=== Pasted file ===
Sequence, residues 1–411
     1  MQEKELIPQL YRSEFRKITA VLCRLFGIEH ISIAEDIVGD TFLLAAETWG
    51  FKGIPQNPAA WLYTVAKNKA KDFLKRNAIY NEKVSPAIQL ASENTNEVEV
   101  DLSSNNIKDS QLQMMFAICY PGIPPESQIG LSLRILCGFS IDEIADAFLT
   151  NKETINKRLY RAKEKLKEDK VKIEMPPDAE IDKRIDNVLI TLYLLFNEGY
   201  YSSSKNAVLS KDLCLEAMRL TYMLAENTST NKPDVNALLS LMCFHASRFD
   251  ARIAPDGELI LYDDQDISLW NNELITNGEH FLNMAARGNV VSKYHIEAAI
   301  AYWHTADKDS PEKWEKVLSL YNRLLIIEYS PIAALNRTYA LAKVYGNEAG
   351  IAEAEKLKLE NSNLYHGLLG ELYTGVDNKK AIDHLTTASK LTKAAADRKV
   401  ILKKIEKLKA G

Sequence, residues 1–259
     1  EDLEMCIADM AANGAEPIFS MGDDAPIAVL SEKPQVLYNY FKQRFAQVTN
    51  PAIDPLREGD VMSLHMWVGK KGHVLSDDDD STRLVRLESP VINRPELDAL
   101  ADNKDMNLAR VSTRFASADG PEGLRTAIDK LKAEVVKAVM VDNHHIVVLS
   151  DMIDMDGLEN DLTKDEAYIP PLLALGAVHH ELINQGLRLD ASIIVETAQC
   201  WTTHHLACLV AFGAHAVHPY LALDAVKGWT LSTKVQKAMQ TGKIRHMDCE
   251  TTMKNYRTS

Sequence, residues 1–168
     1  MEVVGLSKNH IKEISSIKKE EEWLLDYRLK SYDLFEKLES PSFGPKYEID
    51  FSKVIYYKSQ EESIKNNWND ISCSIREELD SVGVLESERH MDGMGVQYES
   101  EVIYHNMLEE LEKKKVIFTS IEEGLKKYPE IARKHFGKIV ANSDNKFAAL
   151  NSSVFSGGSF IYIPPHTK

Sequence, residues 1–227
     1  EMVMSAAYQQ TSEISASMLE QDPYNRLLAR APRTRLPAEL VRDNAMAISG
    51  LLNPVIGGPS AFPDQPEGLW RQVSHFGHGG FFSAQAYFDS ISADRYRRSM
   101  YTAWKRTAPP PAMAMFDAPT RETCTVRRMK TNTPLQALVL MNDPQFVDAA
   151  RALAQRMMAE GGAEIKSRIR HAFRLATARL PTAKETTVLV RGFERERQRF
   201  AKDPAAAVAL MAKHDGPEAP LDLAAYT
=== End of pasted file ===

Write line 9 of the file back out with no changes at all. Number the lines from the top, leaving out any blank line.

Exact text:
   351  IAEAEKLKLE NSNLYHGLLG ELYTGVDNKK AIDHLTTASK LTKAAADRKV